It stuck its landing at the $5-$6 mark for going on a month and a half, andit's especially attractive as a generic backrow option in undefinedformats. Like the one we're now in. Not much explanation needed – like Potof Desires, Solemn Strike's a must-own at three; the kind of card that justdoesn't get printed often, and remains viable for years.


#4: Destrudo the Lost Dragon's Frisson

With Set Rotation now far more difficult to play, and with just one copyoffering much lower reliability, we can probably expect more players to runDestrudo in an effort to see their Field Spells consistently.

While the hefty LP cost of its ability made Destrudo a point of debatecoming out of YCS Dallas, its sheer power level in combination with DragonRavine and Ancient Fairy Dragon can't be ignored, and the sustained demandcontinues to suggest that we'll see more of it in tournament competition.


#3: Metaverse

…And yet, Destrudo was outsold by "Slower Terraforming: The Trap Card." Thehefty interest in Metaverse made some sense when duelistssuspected that Terraforming could be on the chopping block for November,but now that we know it's safe until at least January, the surge ofinterest seems to be the result of a sort of spiral effect: as more copiesof Metaverse are sold, the more expensive it gets, and at a Market Price of75 cents it has all the symptoms of a hot Rare card that could easilydouble in value.

On one hand, it's tempting to make statements like, "This card is nowherenear as important as cards in similar positions, like D/D Savant Thomas."But on the other, the long-sustained price point for that card was neverjustified with tournament results either: Different Dimension Demonsvirtually never panned out in Regional Top Cuts, let alone YCS tournaments.So it's possible that Metaverse could fall into a similar category of hypeand continue to rise in price.

But if it does, it's likely more the product of cascading hype than actualtournament potential.


#2: Number 41: Bagooska the Terribly Tired Tapir

Meanwhile, the huge appeal of Bagooska the Terribly Tired Tapir will likelybe more than justified, as Pendulum Magicians begin to run multiple copies.It's another huge factor in the competitive potential of Pendulums, and oneof the most powerful Rank 4's ever printed. Bagooska was moving units whenit was being played in SPYRALS alone – a deck where it was usuallyunplayable in the first place. Now that Pendulum Magicians are poised totake center stage? It's going to be way bigger.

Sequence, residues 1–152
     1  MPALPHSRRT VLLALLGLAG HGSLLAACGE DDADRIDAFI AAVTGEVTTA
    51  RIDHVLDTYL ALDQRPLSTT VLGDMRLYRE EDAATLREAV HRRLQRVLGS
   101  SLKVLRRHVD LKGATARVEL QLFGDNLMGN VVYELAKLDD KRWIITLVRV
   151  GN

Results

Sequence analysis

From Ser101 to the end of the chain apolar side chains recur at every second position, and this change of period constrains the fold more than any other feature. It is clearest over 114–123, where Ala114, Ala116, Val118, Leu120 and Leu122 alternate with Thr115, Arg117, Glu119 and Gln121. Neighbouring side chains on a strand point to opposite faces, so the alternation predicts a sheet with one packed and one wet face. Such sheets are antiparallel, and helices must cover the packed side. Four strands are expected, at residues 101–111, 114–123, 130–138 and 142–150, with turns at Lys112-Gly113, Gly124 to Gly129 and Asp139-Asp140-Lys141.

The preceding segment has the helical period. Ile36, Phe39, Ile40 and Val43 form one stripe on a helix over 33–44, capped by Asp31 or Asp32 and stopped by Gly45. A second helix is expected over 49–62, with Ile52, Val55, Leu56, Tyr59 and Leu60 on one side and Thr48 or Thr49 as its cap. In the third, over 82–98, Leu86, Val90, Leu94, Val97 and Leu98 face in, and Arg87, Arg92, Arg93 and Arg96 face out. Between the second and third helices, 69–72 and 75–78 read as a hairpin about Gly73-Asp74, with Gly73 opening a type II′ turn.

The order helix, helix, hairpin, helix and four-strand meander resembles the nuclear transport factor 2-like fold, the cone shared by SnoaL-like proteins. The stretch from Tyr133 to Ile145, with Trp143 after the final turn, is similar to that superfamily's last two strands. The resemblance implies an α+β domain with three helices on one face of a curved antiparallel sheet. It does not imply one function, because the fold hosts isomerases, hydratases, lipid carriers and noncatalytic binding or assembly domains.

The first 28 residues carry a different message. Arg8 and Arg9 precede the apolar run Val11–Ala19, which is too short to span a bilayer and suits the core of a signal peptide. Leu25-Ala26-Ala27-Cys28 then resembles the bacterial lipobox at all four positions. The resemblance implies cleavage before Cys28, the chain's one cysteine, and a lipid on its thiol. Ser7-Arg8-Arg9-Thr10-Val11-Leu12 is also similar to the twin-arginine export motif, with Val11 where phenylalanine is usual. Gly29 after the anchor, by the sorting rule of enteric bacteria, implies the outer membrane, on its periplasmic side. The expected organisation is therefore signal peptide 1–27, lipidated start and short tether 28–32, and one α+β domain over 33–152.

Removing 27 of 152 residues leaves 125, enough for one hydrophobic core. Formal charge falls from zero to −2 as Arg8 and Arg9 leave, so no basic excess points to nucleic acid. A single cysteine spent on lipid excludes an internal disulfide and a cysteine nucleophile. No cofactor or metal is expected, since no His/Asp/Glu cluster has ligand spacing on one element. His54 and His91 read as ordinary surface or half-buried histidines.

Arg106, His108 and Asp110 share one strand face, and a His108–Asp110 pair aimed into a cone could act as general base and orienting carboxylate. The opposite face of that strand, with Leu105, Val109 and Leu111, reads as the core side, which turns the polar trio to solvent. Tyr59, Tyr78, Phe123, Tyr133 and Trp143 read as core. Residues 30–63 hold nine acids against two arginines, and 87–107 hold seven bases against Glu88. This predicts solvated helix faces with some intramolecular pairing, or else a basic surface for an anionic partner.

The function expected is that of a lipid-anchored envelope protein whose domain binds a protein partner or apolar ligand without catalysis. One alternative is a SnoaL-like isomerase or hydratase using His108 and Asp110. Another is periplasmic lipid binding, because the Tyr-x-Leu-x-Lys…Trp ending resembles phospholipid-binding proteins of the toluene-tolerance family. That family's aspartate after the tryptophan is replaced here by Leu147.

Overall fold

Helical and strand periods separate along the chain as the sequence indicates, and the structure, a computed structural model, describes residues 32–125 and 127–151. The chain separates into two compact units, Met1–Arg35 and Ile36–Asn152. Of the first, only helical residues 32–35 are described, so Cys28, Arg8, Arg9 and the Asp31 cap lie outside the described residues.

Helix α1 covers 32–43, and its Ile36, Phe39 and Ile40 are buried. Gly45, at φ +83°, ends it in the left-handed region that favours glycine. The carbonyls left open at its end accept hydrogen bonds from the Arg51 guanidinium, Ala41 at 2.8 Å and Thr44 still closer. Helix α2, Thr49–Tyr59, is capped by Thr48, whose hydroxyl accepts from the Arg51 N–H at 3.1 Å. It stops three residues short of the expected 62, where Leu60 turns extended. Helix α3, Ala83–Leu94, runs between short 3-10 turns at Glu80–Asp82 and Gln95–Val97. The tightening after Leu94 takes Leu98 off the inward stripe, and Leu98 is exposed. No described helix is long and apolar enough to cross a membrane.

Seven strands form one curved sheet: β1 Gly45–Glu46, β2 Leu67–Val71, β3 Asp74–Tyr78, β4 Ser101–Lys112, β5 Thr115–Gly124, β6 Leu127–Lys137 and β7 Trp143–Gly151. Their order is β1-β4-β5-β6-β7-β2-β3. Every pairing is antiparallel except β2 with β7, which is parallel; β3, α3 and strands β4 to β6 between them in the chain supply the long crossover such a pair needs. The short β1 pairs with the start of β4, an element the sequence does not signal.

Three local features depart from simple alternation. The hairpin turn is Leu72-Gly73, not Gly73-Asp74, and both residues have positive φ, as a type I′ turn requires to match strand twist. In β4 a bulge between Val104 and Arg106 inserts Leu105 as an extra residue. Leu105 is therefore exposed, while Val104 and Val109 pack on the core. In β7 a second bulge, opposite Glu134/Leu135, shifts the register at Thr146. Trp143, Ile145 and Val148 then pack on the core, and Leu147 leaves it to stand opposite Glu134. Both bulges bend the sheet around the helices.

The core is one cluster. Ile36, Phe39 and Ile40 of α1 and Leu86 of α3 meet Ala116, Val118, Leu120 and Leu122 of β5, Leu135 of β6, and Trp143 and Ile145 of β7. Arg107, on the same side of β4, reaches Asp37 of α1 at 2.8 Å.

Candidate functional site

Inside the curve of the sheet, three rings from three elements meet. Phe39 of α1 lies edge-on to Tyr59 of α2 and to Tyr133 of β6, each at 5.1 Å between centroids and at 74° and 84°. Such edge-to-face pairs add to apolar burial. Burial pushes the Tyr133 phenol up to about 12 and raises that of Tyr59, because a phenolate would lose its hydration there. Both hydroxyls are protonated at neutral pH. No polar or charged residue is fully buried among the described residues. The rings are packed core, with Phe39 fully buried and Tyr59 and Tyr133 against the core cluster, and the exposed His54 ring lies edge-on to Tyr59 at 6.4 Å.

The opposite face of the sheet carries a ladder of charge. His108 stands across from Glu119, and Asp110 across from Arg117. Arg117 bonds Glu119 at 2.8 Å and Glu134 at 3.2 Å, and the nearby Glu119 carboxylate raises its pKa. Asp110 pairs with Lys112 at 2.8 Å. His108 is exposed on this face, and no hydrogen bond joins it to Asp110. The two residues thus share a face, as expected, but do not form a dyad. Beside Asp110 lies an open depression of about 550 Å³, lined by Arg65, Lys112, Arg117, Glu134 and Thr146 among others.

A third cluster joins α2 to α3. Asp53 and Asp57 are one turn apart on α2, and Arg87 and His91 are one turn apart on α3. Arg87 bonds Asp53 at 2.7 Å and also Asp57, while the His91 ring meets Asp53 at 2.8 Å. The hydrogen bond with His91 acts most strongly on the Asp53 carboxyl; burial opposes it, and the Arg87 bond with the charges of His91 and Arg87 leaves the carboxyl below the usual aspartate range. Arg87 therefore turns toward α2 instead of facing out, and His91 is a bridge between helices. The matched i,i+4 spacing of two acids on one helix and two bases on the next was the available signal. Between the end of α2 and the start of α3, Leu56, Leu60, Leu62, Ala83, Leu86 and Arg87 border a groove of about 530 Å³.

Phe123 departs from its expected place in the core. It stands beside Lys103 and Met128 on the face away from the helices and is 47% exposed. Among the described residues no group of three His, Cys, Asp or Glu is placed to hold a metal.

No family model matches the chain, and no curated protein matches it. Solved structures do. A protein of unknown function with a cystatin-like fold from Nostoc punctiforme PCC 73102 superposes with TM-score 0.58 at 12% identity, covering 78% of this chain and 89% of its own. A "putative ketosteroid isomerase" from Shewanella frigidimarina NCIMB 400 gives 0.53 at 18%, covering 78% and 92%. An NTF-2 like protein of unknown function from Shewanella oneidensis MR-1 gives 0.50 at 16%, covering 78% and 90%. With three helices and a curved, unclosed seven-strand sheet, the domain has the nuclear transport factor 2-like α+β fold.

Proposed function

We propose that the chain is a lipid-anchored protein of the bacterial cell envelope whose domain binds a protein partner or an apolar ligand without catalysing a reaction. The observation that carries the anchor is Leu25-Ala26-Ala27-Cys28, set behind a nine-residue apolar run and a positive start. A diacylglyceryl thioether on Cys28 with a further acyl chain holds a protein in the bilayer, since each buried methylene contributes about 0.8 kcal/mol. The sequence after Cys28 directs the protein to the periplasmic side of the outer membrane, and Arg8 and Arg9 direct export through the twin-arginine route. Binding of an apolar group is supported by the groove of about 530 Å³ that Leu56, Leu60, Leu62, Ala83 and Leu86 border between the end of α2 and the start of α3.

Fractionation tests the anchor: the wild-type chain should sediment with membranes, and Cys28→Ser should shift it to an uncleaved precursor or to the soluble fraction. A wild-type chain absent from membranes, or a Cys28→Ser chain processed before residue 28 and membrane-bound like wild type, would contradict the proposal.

#1: Pot of Desires

And once again, Pot of Desires was on top. When a wildly powerful cardslides from 80 dollars to three bucks, a card-of-the-year candidate isborn. Pot of Desires has been the single most popular card on TCGplayersince its reprinting, and time and again, we see that demand just doesn'tslow down. With no Limiting or Forbidding in sight, Pot of Desires is goingto continue to be a staple for any deck that can run it; and any deck thatcan't run it, isn't going to see play.


So what else saw big sales beyond the Top 10? Pendulum Magicians continueddown the line, with Harmonizing Magician coming in at Number 13. EvenlyMatched took the Number 12 spot, and Proxy Dragon took Number 15; twostrong, splashable picks that almost any player wants to own. EvenlyMatched is especially notable, still sitting at a price point over 60dollars and garnering more praise as players figure out how best to use it.

Finally, perhaps the biggest surprise this week and the most importanttakeaway: Trickstar Candina and Trickstar Light Stage took the Number 11and Number 14 spots, demonstrating a strong runner-up position forTrickstars that many might not have anticipated. If you're going to beplaying in tournaments the next couple of weeks, Trickstars are definitelya matchup you'll want to prepare for.

We also saw very high niche interest in Artifact Lancea – a card that soldin huge numbers, but only to a small group of buyers. That's likely aresponse to the rising interest in Evenly Matched, with Lancea shuts downplayed independently or as part of an Artifact engine with Artifact Sanctumand potentially Artifact Scythe. Right now that demand is clearly comingfrom speculators trying to get ahead of the market, but the move isunderstandable – it's a great card to pick up and could become a commonsight in competition this winter.

That's it for now, but join us on Monday to see the market responses toRegional results in the new format. See you then!

-Jason Grabher-Meyer